- Source: National Archives, Nixon Presidential Materials, NSC Files, Box 716, Country Files, Europe, USSR, Vol. XV. Secret; Nodis. Sonnenfeldt forwarded a draft of this memorandum to Kissinger on July 30 with the comment on the Beam–Gromyko meeting: “I doubt that you want this channel to become active.” Haig wrote in the margin: “HAK, I’ve told State this channel is not to be used—they understand.” A notation on the memorandum from Kissinger indicates that the President saw it.↩
- See Documents 302 and 291.↩
- On July 25, Pravda published an article by “I. Alexandrov,” a pseudonym used for official comment from the Central Committee. (See footnote 151, Garthoff, Détente and Confrontation, p. 270) According to the article, the Kremlin saw no “sensation” in the announcement of Nixon’s trip to China. In accordance with the principle of “peaceful coexistence,” Moscow was prepared to cooperate with any country, including the United States and the People’s Republic of China. The article, however, also issued a warning: “Of course, the further development of events will more fully reveal the true intentions of Peking and Washington. Our party and state will take into consideration all the possible consequences of the Chinese-American contacts. Needless to say, any hopes of using the contacts between Peking and Washington for exerting some kind of ‘pressure’ on the Soviet Union and on the states of the socialist commonwealth can only be the consequence of a loss of a sense of reality.” For the complete text, see Current Digest of the Soviet Press, Vol. XXIII, No. 30 (August 24, 1971), pp. 1–4.↩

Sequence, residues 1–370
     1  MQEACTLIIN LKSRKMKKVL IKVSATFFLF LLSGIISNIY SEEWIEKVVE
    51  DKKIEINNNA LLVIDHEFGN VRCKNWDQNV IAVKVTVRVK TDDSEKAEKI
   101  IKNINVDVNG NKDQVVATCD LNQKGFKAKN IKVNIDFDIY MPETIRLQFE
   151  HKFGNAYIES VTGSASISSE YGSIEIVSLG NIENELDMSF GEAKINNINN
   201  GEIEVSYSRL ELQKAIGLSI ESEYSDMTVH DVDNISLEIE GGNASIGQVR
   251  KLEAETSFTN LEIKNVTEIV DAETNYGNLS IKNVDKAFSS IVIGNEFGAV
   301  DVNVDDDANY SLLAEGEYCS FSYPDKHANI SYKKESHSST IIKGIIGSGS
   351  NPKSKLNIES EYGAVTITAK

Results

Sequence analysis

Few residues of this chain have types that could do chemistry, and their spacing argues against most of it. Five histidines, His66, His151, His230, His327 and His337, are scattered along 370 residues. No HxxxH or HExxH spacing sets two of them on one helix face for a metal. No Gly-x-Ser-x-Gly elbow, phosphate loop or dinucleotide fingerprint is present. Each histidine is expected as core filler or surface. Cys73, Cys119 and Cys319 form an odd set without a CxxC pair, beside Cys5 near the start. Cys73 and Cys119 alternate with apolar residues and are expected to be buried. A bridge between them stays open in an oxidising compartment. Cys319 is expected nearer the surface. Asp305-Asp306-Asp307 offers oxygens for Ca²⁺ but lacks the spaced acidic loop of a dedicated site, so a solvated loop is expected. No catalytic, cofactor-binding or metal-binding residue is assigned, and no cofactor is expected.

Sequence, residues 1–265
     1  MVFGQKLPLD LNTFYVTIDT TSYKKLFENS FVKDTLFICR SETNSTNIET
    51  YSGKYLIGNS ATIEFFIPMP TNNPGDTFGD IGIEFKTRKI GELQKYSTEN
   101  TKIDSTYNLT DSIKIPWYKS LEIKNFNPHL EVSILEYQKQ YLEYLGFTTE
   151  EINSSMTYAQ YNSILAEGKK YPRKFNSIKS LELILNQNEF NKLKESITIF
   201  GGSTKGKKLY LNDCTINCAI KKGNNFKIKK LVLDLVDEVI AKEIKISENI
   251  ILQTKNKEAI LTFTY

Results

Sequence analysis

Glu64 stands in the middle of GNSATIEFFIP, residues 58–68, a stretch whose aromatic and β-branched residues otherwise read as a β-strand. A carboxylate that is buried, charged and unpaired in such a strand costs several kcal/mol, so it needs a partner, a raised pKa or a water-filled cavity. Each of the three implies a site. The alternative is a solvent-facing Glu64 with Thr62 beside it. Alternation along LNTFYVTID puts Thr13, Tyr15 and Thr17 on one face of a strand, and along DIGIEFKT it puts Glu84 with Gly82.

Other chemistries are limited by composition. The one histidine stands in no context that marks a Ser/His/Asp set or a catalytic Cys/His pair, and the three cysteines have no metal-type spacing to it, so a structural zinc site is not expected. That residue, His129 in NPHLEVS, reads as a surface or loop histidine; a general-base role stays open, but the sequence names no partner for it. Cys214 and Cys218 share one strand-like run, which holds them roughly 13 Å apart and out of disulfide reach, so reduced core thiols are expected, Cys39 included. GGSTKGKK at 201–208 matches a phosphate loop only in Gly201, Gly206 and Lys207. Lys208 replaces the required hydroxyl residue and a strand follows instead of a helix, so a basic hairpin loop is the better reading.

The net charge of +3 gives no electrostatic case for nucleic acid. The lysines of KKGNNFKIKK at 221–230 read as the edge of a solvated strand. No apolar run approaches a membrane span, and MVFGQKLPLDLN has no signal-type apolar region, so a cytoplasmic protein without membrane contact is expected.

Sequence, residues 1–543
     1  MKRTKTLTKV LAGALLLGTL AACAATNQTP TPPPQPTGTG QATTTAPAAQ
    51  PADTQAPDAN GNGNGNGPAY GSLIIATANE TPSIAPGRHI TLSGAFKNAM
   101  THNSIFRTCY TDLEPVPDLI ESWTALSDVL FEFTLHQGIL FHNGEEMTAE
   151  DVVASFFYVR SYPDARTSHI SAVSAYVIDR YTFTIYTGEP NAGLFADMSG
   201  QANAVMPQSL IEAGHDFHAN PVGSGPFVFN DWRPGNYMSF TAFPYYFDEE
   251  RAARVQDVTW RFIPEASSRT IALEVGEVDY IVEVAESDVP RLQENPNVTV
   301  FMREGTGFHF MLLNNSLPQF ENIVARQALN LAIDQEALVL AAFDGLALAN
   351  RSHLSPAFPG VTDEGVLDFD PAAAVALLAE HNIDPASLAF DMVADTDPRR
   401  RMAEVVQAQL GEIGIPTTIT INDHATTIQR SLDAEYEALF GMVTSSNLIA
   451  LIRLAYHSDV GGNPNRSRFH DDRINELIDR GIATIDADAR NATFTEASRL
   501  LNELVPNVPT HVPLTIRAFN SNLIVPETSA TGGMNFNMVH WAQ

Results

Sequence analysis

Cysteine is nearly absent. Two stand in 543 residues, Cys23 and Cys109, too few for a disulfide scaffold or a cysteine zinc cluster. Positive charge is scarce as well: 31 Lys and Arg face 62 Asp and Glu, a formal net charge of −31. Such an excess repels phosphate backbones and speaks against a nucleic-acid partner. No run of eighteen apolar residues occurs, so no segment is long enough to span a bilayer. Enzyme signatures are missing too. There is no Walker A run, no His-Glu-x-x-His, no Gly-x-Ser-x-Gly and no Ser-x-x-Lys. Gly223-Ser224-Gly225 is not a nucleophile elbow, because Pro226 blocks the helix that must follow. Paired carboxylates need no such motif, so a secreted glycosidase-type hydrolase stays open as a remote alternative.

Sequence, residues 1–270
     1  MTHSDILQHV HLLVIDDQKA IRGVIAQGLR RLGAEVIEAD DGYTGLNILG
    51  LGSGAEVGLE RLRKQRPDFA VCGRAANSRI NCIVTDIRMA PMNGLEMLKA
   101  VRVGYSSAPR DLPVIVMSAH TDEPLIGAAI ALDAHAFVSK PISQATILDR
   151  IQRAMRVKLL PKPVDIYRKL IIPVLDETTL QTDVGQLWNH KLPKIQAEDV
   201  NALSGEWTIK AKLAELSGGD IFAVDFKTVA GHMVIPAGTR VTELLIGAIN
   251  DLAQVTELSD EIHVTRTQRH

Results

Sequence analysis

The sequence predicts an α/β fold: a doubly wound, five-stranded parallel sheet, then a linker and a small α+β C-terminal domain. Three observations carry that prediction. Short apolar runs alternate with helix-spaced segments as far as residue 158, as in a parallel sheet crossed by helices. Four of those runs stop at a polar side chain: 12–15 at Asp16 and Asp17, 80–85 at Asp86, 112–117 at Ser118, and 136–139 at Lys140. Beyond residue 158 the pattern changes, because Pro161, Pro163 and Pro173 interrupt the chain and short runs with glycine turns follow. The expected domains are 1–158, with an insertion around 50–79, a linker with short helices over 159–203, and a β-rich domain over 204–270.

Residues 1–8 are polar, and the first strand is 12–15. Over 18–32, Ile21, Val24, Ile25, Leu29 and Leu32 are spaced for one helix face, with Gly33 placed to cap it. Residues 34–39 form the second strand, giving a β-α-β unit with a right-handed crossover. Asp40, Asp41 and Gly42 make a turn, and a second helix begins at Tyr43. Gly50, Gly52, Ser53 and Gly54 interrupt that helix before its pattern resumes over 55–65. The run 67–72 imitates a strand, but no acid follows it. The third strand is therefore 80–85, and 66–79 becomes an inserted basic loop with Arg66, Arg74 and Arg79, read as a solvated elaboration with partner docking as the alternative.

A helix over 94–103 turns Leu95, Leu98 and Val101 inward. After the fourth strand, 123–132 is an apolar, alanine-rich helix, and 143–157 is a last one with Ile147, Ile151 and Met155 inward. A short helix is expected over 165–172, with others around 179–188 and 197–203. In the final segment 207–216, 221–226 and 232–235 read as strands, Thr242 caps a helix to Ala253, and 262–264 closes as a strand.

- Printed as Document 291.↩